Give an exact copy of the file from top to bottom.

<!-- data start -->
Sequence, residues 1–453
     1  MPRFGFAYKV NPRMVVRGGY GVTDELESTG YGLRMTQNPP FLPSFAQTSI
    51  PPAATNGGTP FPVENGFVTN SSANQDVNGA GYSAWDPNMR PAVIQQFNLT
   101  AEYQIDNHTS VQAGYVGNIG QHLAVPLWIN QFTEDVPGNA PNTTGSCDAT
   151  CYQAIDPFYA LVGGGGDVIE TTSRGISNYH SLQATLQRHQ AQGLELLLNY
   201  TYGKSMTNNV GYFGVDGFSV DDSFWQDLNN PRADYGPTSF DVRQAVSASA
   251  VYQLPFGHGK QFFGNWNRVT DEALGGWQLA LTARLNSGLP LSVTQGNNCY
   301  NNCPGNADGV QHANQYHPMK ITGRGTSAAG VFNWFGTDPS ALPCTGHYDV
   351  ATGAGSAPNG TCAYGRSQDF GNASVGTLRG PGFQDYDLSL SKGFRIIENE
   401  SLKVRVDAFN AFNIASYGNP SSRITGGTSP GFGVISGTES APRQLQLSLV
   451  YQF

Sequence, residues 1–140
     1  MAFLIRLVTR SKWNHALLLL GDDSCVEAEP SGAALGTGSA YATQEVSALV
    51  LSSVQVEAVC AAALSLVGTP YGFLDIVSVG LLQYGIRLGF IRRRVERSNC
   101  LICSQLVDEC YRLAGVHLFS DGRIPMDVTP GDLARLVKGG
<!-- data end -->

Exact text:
Sequence, residues 1–453
     1  MPRFGFAYKV NPRMVVRGGY GVTDELESTG YGLRMTQNPP FLPSFAQTSI
    51  PPAATNGGTP FPVENGFVTN SSANQDVNGA GYSAWDPNMR PAVIQQFNLT
   101  AEYQIDNHTS VQAGYVGNIG QHLAVPLWIN QFTEDVPGNA PNTTGSCDAT
   151  CYQAIDPFYA LVGGGGDVIE TTSRGISNYH SLQATLQRHQ AQGLELLLNY
   201  TYGKSMTNNV GYFGVDGFSV DDSFWQDLNN PRADYGPTSF DVRQAVSASA
   251  VYQLPFGHGK QFFGNWNRVT DEALGGWQLA LTARLNSGLP LSVTQGNNCY
   301  NNCPGNADGV QHANQYHPMK ITGRGTSAAG VFNWFGTDPS ALPCTGHYDV
   351  ATGAGSAPNG TCAYGRSQDF GNASVGTLRG PGFQDYDLSL SKGFRIIENE
   401  SLKVRVDAFN AFNIASYGNP SSRITGGTSP GFGVISGTES APRQLQLSLV
   451  YQF

Sequence, residues 1–140
     1  MAFLIRLVTR SKWNHALLLL GDDSCVEAEP SGAALGTGSA YATQEVSALV
    51  LSSVQVEAVC AAALSLVGTP YGFLDIVSVG LLQYGIRLGF IRRRVERSNC
   101  LICSQLVDEC YRLAGVHLFS DGRIPMDVTP GDLARLVKGG